Web giants like Google offer their online translation services ‘for free’. In this article, we explain why companies preferring to keep their data private are well-advised to host translation software in their own network, and how this can be done without any hassle.

Samuel Läubli – Textshuttle

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SwissCognitiveOver the last few years, translation companies and departments have realised the added value of partially automated translation workflows – despite initial scepticism. Machine translation (MT) allows them to meet the growing demand for rapid and cost-effective translation.

Take one of our clients, a Swiss financial institute, for example. Headquartered in a multilingual country, they need to translate a large number of factsheets and marketing texts from or to German, French and Italian – day by day and covering all levels of confidentiality. To be able to cope with the big amount of translations, they incorporated a customised MT system into their workflows. It is not least due to the sensitive data that, in the end, they decided against MT solutions from the cloud.

A short history of online machine translation services

Google was one of the first providers that sensed and faced the need for fast and easily accessible translations. Early versions of their freely available Google Translate service were impressive from a technical standpoint: text snippets of almost any domain could be translated into dozens of languages. However, the service was frustratingly imprecise from a linguistic point of view, mostly because it could only ensure fluency for short sequences of words, not entire sentences.

More recently, the advent of neural machine translation (NMT) led to a dramatic reduction of errors in morphology, word choice and word order. Translation services offered by big players like Google and Microsoft, as well as new competitors such as the German start-up DeepL, are all based on NMT by now.

How much are you willing to reveal?

Apart from being freely available, translation services from the cloud come in handy as they require no installation. Just hit a website, paste some text in a language you don’t understand, and your English translation is ready almost instantly. As simple as it seems, this takes a huge effort behind the scenes: companies invest millions to offer their services 24/7 at the highest speed possible.

Besides usage fees, providers of translation services collect data to monetise these investments. Google, for example, states in their Terms of Use that ‘you give Google a perpetual, irrevocable, worldwide, sublicensable, royalty-free, and non-exclusive license to Use content submitted, posted, or displayed to or from the APIs through your API Client. «Use» means use, host, store, modify, communicate, and publish.’ Companies like our client, who want to benefit from the most recent technology in automated translation but prefer to keep their data private, are well-advised to host translation services in their very own network. Customised systems can be trained on internal data and lead to significantly better results than the generic systems offered by cloud providers.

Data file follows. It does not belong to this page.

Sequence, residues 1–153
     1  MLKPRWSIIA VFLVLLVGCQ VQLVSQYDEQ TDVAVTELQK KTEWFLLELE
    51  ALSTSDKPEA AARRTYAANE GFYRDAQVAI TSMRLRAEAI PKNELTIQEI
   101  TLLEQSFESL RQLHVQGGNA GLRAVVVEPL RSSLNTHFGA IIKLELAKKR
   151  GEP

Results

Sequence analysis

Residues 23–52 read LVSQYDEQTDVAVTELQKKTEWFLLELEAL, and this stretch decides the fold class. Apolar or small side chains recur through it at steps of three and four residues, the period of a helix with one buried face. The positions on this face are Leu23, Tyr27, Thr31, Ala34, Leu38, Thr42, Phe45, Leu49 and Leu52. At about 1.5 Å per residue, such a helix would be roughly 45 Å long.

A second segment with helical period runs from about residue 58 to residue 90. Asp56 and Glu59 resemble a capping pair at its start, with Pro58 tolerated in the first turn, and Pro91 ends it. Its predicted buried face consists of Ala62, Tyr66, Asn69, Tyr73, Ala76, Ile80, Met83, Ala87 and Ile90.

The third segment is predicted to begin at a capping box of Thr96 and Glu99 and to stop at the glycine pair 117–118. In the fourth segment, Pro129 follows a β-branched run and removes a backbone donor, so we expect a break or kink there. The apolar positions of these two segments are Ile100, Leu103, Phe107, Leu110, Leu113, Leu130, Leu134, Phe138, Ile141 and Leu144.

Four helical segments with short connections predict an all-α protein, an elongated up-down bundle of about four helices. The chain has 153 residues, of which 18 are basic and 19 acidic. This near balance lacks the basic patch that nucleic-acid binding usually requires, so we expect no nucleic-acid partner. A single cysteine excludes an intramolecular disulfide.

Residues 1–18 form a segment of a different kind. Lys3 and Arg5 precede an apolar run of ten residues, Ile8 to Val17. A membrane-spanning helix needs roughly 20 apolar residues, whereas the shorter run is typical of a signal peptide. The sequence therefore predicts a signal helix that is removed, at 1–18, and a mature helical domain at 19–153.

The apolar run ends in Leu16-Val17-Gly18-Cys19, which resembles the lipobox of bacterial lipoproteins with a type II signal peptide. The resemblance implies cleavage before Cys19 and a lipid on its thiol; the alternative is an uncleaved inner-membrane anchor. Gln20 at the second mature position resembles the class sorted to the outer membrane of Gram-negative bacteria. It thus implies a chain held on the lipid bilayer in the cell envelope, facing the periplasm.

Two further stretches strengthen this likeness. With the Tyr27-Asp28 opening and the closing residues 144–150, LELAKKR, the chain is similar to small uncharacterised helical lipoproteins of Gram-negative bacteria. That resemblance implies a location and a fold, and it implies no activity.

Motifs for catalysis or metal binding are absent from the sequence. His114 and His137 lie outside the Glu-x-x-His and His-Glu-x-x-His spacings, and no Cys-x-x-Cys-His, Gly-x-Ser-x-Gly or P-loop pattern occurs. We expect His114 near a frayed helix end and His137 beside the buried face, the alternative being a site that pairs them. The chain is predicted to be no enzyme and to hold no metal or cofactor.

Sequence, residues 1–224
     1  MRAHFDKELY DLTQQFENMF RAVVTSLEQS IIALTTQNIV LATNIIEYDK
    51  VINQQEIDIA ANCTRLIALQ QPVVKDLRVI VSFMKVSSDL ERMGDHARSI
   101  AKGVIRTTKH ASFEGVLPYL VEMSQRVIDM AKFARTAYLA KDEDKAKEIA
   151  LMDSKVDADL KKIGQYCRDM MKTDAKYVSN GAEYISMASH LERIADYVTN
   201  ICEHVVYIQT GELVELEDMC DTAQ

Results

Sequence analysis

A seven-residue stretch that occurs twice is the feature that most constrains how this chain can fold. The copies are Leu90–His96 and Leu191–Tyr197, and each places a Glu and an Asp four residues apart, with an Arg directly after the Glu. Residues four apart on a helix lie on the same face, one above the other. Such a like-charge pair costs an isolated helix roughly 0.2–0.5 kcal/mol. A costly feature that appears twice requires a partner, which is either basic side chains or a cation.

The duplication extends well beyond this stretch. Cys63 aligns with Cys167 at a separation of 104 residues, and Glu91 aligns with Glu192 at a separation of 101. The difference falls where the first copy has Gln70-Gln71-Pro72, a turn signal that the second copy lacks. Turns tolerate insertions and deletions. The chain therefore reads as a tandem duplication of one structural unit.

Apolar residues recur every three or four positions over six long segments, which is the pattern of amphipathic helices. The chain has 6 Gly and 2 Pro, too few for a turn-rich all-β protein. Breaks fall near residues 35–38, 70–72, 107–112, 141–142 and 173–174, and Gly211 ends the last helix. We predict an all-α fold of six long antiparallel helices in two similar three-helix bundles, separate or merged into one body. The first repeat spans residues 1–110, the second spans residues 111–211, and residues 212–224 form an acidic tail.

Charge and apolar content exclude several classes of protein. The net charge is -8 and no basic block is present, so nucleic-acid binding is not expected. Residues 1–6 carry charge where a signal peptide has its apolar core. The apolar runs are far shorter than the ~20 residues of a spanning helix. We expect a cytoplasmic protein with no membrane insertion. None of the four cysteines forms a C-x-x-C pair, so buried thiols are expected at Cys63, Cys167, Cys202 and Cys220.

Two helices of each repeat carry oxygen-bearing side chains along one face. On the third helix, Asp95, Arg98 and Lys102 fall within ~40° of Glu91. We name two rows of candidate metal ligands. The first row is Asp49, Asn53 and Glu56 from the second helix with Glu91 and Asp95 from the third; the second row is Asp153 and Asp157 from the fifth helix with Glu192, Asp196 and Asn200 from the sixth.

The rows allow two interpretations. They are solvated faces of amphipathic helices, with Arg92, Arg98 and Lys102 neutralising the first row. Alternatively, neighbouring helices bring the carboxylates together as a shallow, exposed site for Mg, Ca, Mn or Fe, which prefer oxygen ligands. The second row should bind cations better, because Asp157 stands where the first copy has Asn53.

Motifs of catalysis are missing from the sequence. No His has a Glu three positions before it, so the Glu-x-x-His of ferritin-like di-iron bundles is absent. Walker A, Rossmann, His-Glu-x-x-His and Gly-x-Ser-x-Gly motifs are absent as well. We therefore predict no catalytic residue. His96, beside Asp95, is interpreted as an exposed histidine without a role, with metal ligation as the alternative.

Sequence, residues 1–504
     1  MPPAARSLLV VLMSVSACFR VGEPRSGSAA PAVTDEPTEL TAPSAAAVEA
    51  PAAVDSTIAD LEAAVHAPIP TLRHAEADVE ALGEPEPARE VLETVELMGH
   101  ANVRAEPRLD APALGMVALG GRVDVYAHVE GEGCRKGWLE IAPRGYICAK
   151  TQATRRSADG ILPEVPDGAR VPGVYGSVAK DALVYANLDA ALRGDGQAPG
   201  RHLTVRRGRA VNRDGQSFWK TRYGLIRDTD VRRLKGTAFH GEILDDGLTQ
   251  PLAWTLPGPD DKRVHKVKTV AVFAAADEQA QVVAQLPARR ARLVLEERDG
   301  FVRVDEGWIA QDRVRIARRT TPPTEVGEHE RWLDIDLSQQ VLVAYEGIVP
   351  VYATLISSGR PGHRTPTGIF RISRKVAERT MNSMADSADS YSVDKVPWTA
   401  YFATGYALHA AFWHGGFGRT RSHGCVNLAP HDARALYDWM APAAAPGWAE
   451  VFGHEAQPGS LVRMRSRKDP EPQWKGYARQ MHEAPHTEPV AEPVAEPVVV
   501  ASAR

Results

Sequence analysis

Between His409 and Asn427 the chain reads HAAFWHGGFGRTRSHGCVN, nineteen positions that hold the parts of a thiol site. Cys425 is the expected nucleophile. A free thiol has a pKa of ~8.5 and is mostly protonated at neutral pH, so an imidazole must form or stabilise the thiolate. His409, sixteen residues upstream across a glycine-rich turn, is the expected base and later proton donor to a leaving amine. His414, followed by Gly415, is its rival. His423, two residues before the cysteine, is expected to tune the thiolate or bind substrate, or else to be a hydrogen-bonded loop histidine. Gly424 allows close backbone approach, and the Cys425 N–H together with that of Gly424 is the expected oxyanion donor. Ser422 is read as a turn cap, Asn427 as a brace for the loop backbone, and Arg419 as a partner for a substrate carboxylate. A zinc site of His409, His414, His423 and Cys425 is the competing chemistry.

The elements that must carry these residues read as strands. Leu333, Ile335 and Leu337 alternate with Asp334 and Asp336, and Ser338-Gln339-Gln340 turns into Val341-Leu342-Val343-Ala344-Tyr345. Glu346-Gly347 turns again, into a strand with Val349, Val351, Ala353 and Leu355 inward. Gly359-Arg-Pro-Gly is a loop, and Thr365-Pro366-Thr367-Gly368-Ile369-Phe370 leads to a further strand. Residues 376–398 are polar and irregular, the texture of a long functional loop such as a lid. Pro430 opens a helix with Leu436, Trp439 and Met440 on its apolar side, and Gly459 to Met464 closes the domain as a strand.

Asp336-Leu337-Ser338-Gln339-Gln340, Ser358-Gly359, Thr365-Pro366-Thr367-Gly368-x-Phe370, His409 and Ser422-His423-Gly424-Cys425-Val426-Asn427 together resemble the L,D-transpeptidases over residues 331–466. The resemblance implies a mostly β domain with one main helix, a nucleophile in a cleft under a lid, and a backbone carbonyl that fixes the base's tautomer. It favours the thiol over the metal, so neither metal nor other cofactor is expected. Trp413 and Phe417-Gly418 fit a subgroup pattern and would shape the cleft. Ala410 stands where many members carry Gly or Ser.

Easy deployment on client site through containers

It is thanks to a relatively new concept that the deployment of an on-site solution does not bring tears to the eyes of administrators anymore: the packaging of software solutions into containers.

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At TextShuttle we adopted the use of Docker, a freely available software to build containers. If we develop a machine translation system for internal use on that basis, as it was the case in the example above, the system can be deployed with a single command. Whenever the client requests for changes, we implement and test them on our own servers first and pack the updated version into a new container – to swap it with the previous container on the client side, all at the push of a button.

The principle behind building containers is simple. Conventionally, all components of a software solution are installed on each server intended to host it. For one thing, this is complicated since there are typically various packages that need to be installed and configured. For another, companies often rely on servers with different hardware and software configurations clustered together. This requires IT administrators to adjust installation and configuration steps to each server, resulting in high effort for installing, updating, and recovering software in case of incidents.

When relying on containers, in contrast, only one piece of software – the ‘container ship’, so to speak – needs to be installed on all servers. Irrespective of operating system and hardware, it provides a standardised runtime environment. Having the same runtime environment at their disposal, developers like ourselves can now pre-install complete software solutions into containers.

Moreover, containers on different servers can be clustered with Docker Swarm. This facilitates the distribution of software services across multiple machines, e.g., to allow for rapid response times with increasing numbers of users. Services like machine translation can be hosted locally with little effort in this way – without disclosing data to Google or anyone else.

Samuel LäubliShort CV of the author: Samuel Läubli. Before joining the Machine Translation group at the UZH Institute of Computational Linguistics as a PhD Student in 2016, Samuel Läubli implemented MT systems geared to post-editing as a Senior Computational Linguist at Autodesk, Inc. (2014– 2016). He obtained a Master’s degree in Artificial Intelligence from the University of Edinburgh (2014), and a Bachelor’s degree in Computational Linguistics from the University of Zurich (2012). Samuel is CTO at textshuttle.ai, a spin-off specialising in machine translation and opinion mining.